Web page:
Home > Election > God saved the elect to display the riches of his mercy

God saved the elect to display the riches of his mercy

Chapter III

 

CONCERNING ELECTION UNTO LIFE, OR PREDESTINATION AS IT RESPECTS THE SAINTS IN PARTICULAR

HAVING considered predestination as it regards all men in general, and briefly shown that by it some are appointed to wrath and others to obtain salvation by Jesus Christ (1Th 5:9), I now come to consider, more distinctly, that branch of it which relates to the saints only, and is commonly styled election. Its definition I have given already in the close of the first chapter. What I have farther to advance, from the Scriptures, on this important subject, I shall reduce to several positions, and subjoin a short explanation and confirmation of each.

POSITION 5. -The salvation of the elect was not the only nor yet the principal end of their being chosen, but God’s grand end, in appointing them to life and happiness, was to display the riches of His own mercy, and that He might be glorified in and by the persons He had thus chosen.

For this reason the elect are styled vessels of mercy, because they were originally created, and afterwards by the Divine Spirit created anew, with this design and to this very end, that the sovereignty of the Father’s grace, the freeness of His love, and the abundance of His goodness might be manifested in their eternal happiness. Now God, as we have already more than once had occasion to observe, does nothing in time which He did not from eternity resolve within Himself to do, and if He, in time, creates and regenerates His people with a view to display His unbounded mercy, He must consequently have decreed from all eternity to do this with the same view. So that the final causes of election appear to be these two: first and principally, the glory* of God; second and subordinately, the salvation of those He has elected, from which the former arises, and by which it is illustrated and set off. So, “The Lord hath made all things for Himself” (Pro 16:1), and hence that of Paul, “He bath chosen us – to the praise of the glory of His grace” (Eph 1).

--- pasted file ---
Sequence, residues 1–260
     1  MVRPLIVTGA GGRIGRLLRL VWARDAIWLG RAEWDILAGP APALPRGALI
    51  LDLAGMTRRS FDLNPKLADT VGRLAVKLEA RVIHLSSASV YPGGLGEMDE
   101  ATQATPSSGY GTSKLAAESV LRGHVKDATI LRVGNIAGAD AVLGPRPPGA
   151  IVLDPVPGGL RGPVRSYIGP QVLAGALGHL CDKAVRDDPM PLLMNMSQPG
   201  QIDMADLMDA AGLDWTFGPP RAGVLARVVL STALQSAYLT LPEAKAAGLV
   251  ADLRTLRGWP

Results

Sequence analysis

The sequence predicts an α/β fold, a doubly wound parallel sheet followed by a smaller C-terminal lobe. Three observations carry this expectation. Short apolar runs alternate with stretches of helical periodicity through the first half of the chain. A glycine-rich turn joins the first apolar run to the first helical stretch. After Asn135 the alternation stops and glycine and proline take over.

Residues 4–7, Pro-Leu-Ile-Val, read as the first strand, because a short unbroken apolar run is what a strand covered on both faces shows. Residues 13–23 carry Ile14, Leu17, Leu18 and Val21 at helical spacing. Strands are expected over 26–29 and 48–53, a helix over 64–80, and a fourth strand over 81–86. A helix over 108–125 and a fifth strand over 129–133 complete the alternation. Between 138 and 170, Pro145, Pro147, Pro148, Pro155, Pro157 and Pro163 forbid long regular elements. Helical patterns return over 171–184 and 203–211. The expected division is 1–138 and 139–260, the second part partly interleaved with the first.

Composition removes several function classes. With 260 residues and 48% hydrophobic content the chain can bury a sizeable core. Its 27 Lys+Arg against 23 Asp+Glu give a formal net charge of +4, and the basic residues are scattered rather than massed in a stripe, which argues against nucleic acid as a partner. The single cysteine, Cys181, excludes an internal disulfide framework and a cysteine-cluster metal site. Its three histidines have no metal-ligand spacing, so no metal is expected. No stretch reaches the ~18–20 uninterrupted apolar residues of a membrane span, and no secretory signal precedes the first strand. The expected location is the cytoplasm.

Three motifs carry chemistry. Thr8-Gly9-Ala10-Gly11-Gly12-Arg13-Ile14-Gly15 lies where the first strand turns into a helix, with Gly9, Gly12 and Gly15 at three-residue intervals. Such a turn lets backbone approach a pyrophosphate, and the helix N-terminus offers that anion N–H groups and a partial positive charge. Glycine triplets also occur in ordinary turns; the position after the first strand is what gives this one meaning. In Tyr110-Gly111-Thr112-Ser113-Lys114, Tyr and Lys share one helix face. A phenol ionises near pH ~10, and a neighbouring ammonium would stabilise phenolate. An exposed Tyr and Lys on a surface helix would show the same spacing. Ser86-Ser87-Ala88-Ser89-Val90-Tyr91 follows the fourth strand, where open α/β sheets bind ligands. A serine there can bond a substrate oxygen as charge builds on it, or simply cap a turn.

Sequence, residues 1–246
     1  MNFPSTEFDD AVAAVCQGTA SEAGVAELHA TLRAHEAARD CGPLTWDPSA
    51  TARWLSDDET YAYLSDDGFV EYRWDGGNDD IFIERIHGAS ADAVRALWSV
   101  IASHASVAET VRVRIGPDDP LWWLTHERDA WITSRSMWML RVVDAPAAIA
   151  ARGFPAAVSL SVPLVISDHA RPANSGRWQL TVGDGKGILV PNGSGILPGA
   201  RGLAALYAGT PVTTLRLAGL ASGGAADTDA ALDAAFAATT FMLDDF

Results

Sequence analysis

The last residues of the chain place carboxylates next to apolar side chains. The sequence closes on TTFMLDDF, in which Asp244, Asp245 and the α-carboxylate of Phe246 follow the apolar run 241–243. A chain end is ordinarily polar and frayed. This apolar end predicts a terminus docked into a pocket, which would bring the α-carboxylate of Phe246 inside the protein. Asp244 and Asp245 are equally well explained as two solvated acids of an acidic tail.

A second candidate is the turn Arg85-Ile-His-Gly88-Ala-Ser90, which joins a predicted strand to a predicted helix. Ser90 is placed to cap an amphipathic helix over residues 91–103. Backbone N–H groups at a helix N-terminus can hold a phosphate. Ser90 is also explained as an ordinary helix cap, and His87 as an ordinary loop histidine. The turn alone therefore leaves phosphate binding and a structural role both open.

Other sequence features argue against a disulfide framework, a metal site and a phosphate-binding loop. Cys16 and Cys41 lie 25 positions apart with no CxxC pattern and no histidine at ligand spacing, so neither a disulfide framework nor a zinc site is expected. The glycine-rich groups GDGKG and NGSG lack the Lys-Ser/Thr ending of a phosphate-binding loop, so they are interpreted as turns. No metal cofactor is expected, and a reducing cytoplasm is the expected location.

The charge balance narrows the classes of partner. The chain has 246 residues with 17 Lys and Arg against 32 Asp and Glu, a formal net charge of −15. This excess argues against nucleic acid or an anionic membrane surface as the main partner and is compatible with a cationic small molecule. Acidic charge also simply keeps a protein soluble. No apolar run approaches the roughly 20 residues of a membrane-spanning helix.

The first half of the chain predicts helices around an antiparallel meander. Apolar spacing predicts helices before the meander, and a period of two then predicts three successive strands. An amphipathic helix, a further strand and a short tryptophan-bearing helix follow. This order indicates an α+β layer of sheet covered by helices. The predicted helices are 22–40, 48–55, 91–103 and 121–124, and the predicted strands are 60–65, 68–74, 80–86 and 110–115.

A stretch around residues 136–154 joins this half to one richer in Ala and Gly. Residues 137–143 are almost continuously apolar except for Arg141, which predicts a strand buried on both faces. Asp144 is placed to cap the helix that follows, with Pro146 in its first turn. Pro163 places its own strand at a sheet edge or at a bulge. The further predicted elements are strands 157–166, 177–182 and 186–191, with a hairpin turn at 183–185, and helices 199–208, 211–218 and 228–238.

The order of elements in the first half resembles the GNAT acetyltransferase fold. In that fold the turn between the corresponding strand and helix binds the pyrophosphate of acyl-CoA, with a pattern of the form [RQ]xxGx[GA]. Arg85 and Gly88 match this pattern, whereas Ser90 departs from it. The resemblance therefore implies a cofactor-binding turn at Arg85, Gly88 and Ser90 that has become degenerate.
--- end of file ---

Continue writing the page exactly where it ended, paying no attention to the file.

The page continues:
* Let it be carefully observed that when with the Scriptures we assert the glory of God to be the ultimate end of His dealings with angels and men, we do not speak this with respect to His essential glory which He has as God, and which, as it is infinite, is not susceptible of addition nor capable of diminution, but of that glory which is purely manifestative, and which Micraelius, in his Lexic. Philosoph. col. 471, defines to be, Clara rei cum laude notitia; cum nempe, ipsa sua eminentia est magna, augusta, et conspicua. And the accurate Maestricht, Celebratio ceu manifestatio (quae magis proprie glorificatio, quam gloria appellatur), qua, agnita intus eminentia, ejusque congrua aestimatio, propalatur et extollitur. – Theolog. lib. 2, cap. 22 § 8.

Jerome Zanchius-The Doctrine of Absolute Predestination Stated and Asserted-Translated by Augustus Montague Toplady

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